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In Avengers: Endgame Natasha, Steve and Scott meet with Tony trying to explain to him the possibilities of the quantum realm, to which Tony uses a lot of complex terms

Quantum fluctuation messes with the Planck scale, which then triggers the Deutsch Proposition.

and

EPR paradox.

I do understand that a mobius strip has only one side no matter how you turn it, but the rest of the terms for a layman just sounds gibberish and that quantum realm cannot be achieved. Had Tony tried this experiment before?

Note: Looking for an easy explanation of why Tony feels quantum realm cannot be achieved?

closed as too broad by Paulie_D, user5603, Daeron, Andrei Freeman, Panther May 12 at 12:27

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  • No, those are real tems. - en.wikipedia.org/wiki/Quantum_realm – Paulie_D May 10 at 17:16
  • I know they are real terms :) I was hoping for an easy explanation. – Shalini May 10 at 17:20
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    You want a Movie site to explain Quantum Physics? - I suggest Physics.SE – Paulie_D May 10 at 17:22
  • @Paulie_D At which point they'll tell you that most theoretical physics in films like this is complete gibberish and that you should overlook it (just like how Biology.SE does when people ask about stuff from films). – Charles May 10 at 23:28
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    I'm voting to close this question as off-topic because it’s about quantum physics; not the film. – Andrei Freeman May 12 at 3:56
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Tony knows the Quantum Realm can be reached; the problem is getting back out again.

A short overview.

He was completely willing to believe the Quantum Realm exists and Ant-Man has been there; his objection was that, even though Ant-Man survived his visit, it was "a million[?] in one chance". The reason Scott was able to time-travel five years into the future was because non-quantum beings (Hank Pym in 2018, Rizzo in 2023) were guiding/controlling his path. Scott could not have found his own way out.

Essentially, Scott tells the team he's figured out that wood floats and he wants to try using that to get from Europe to North America. Tony is justifiably skeptical; he knows the team will be able to find "someone" smart enough to make a big boat, but they still don't have much of a chance without sail, mast, and compass. This is why Tony spends most of the rest of Act I working on his "Time GPS". At first, he doesn't believe it's even possible to make one, but he sets his AIs to work on the problem just in case.

Wikipedia is our friend.

As a layman myself, it kinda looks like some of the terms being thrown around are just to sound fancy/sciencey; I'm pretty sure I remember hearing him say "Deutch Proposition" too, but according to Wikipedia it's actually called the "Deutch Prescription", and, essentially, it just means they're more-or-less trying to follow Ringworld's sci-fi time-travel rules.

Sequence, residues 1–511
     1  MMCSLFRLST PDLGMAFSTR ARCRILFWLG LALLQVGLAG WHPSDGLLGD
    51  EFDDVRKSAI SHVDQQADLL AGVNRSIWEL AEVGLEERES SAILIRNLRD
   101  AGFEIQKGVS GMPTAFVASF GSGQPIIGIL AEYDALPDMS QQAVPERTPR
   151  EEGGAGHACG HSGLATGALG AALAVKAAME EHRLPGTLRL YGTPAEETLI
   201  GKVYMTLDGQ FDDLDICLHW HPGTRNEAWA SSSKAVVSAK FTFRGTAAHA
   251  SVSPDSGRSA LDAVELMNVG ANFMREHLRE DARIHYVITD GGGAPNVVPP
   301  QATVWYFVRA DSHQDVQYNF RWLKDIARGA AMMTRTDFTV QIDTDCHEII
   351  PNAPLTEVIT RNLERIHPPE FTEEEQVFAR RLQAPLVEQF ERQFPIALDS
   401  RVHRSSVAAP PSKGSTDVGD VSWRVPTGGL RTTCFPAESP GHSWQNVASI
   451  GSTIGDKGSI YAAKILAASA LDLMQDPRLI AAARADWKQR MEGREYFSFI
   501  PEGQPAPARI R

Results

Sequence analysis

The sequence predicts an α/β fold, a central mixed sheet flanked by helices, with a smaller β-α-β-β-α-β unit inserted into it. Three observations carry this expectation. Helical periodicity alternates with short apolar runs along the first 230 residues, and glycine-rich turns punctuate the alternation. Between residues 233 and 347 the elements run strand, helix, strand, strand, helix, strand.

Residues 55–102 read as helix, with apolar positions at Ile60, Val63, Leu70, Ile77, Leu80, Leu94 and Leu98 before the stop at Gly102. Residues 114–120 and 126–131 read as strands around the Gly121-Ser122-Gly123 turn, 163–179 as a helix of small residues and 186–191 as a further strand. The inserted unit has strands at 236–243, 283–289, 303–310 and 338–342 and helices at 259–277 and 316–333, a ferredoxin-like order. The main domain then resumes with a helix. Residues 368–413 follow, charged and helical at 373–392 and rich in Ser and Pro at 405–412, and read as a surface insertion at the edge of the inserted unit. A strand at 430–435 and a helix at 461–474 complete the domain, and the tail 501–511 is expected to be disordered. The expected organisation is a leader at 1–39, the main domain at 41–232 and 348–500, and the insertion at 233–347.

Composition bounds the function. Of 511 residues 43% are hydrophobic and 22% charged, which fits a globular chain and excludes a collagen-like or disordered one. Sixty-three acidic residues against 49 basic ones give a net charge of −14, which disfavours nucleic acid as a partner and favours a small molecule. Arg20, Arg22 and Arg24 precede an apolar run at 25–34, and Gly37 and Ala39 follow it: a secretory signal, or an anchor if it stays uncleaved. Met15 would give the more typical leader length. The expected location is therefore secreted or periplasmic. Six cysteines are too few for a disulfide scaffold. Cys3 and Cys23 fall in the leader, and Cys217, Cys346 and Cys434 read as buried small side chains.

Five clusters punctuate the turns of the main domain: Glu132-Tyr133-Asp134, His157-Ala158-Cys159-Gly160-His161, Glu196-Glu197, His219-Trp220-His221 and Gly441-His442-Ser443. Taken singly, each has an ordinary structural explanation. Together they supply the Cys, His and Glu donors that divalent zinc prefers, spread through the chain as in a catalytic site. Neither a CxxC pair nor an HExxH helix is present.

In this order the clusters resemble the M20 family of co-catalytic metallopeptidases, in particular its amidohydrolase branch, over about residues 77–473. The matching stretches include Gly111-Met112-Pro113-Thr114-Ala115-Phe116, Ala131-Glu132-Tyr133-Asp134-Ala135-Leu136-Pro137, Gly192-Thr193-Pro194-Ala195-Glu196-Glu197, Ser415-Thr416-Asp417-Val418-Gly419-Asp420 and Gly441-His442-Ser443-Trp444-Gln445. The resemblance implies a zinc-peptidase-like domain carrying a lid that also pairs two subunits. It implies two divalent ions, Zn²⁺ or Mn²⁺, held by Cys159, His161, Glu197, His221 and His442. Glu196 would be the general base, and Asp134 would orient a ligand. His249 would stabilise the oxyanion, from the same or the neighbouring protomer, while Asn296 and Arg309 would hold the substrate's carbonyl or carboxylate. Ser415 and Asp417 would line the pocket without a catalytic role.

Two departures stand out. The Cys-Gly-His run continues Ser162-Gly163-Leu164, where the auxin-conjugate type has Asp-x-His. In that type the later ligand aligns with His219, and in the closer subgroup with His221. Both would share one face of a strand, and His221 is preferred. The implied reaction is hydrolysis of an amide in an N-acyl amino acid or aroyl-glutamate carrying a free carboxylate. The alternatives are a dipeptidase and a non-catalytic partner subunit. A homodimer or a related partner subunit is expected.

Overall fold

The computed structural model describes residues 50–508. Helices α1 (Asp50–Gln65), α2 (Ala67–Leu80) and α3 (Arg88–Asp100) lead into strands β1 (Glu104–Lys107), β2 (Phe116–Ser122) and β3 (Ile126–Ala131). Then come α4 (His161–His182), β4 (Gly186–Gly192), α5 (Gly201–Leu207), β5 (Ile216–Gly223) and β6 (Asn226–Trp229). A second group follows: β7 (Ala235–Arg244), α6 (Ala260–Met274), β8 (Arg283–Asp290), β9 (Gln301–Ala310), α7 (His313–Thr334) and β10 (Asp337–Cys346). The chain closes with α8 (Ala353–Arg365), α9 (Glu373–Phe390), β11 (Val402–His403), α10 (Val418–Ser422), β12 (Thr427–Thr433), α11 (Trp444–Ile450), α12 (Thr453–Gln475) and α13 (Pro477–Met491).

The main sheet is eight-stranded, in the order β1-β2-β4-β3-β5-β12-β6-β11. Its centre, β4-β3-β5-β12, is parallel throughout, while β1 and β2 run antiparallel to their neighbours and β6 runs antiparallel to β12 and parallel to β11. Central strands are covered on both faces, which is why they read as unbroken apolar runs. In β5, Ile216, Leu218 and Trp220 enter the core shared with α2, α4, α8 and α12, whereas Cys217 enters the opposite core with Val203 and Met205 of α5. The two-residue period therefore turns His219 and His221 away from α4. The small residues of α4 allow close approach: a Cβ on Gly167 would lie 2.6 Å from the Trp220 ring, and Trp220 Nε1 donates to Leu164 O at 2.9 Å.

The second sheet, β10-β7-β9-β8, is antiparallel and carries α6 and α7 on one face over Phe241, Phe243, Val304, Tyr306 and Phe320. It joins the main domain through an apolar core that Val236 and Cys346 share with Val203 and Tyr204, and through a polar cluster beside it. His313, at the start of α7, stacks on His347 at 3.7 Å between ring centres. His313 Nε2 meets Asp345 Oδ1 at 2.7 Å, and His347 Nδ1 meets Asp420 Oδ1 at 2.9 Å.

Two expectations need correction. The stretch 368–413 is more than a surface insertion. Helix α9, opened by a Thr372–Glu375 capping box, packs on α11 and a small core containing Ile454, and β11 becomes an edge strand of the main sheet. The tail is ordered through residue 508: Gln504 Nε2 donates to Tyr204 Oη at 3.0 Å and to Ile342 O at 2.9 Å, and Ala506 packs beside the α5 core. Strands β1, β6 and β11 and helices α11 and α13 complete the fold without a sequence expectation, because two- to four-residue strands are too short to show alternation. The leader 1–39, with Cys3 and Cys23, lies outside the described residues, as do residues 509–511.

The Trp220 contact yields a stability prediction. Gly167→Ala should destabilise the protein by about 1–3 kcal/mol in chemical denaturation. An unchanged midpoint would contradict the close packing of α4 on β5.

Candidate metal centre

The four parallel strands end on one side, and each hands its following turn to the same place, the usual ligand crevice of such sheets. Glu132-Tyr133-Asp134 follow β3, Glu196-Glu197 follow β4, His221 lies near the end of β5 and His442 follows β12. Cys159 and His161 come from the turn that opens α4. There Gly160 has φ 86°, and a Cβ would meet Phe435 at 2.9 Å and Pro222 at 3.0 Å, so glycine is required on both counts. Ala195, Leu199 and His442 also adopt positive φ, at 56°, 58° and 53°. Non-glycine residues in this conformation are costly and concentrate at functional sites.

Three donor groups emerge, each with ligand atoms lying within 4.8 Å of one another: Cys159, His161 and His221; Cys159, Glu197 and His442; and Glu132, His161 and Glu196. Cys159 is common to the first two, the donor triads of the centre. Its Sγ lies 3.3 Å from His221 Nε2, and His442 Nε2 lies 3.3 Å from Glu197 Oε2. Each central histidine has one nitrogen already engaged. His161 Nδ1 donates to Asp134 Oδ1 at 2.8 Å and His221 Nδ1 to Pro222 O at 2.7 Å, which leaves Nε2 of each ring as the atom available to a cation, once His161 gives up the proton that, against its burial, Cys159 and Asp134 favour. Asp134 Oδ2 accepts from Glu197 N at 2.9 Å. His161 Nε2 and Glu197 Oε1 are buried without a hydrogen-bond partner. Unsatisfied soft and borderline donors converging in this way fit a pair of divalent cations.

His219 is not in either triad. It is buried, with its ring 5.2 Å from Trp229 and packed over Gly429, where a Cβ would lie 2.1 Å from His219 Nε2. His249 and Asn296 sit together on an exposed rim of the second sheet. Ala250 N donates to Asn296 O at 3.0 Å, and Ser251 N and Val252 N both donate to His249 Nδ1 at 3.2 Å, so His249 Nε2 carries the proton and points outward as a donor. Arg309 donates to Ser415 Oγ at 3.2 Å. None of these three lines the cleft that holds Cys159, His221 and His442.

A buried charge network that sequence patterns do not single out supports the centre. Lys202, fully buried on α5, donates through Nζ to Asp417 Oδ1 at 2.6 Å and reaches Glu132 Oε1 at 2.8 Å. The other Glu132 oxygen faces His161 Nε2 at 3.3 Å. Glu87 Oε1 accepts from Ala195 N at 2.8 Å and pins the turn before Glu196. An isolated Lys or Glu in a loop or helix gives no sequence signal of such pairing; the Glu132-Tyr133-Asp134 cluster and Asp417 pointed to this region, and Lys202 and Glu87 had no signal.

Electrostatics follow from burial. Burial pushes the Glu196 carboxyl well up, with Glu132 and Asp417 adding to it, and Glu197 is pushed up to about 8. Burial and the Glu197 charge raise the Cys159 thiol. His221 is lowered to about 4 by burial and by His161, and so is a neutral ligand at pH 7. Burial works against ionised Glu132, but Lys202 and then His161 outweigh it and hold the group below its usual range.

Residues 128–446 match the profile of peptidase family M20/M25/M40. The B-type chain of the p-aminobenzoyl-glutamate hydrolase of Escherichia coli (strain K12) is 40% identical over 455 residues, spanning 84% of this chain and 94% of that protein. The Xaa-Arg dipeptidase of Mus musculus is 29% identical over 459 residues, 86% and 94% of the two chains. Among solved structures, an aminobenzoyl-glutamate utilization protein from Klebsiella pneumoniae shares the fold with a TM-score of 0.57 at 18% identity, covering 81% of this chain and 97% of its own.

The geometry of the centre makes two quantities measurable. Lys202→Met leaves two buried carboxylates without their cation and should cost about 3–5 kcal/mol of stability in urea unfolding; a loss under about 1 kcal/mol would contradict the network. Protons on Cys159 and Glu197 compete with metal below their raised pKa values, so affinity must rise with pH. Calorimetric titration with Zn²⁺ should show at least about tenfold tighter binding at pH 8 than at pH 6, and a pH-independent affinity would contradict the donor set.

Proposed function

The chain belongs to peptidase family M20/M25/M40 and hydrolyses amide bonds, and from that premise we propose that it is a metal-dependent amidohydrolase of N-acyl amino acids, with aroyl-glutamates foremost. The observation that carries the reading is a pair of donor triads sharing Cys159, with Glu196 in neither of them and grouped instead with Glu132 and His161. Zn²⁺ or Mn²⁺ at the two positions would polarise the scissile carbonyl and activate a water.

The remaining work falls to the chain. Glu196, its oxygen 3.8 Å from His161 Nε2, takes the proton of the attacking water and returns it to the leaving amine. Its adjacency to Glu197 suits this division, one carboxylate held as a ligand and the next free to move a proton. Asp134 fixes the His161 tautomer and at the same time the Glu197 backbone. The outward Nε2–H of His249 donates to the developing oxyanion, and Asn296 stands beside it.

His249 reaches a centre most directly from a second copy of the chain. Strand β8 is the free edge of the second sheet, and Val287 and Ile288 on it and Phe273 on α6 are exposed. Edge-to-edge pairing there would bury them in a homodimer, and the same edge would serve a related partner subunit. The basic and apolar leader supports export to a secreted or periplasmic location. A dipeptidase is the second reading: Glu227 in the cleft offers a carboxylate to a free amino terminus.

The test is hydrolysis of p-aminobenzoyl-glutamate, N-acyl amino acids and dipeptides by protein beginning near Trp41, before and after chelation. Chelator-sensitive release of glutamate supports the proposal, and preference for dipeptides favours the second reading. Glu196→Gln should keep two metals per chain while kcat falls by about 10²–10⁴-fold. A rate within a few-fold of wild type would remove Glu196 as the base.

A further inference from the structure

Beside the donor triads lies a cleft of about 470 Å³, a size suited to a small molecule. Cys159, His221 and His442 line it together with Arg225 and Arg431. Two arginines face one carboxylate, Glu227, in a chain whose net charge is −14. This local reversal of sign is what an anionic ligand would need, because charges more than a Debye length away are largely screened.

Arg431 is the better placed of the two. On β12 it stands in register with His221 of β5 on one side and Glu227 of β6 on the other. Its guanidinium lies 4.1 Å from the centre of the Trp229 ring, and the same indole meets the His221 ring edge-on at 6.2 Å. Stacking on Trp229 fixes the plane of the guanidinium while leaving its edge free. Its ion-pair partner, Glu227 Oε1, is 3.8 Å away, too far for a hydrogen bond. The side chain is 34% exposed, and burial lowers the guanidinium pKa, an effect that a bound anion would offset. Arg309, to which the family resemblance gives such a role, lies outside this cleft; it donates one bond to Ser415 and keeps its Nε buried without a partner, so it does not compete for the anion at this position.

Pop-sci also seems to have a tendency to fixate on "paradoxes" (which are attempts to show by theoretical counter-example how an idea doesn't make sense) rather than the ideas the paradoxes describe. In this case, the "EPR Paradox" was intended to demonstrate that certain aspects of quantum mechanics seemed to imply that information could travel faster than light, and in our normal physical perception of reality that's just not possible. Later experiments and theories, such as Bell's theorem, showed that it isn't a paradox at all if we just consider "quantum" stuff to obey different rules from non-quantum stuff.

Marvel puts magic and (lay) theoretical physics together

There's at least one YouTube video attempting to explain this in further detail in lay terms, but to try to summarize: the basic problem Tony's describing is that, for the Time Heist to succeed, they need to be able to travel to specific locations in the space-time continuum, as opposed to arbitrarily-random ones.

I'm not certain I'm remembering correctly that Tony used the term "million-in-one"; he may have used a higher number. Either way, he's speaking idiomatically rather than literally, because the theoretical chances of survival under this model literally converge on the infinitesimal. If we accept the magical parts of the story, like Pym particles being able to shrink or grow anything to any size, including sizes below the Planck scale, then actually doing so would force the observer to obey the laws of the quantum model rather than the standard one. I'm confident that I'm over-simplifying an over-simplification here, but basically, once you enter the Quantum Realm you are everywhere and nowhere, at every time. (Depending on whether or not some kind of "many-worlds interpretation" is also in play, you could also "be" in every universe.) To get back out of the Quantum Realm, you have to know where and when you're going; the number of bad places/times vastly outweigh the number of good places/times, and our heroes have a limited supply of Pym particles so they can't just guess-and-check.

  • Rizzo? Who is Rizzo? – IronSean May 15 at 14:04
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    A joking reference to the Muppet rat. I meant the nameless rat who stepped on the power switch for the van's quantum tunnel. Since it's a joke instead of an accurate statement, this might detract from the answer's quality a bit. – Jesse Amano May 16 at 6:08

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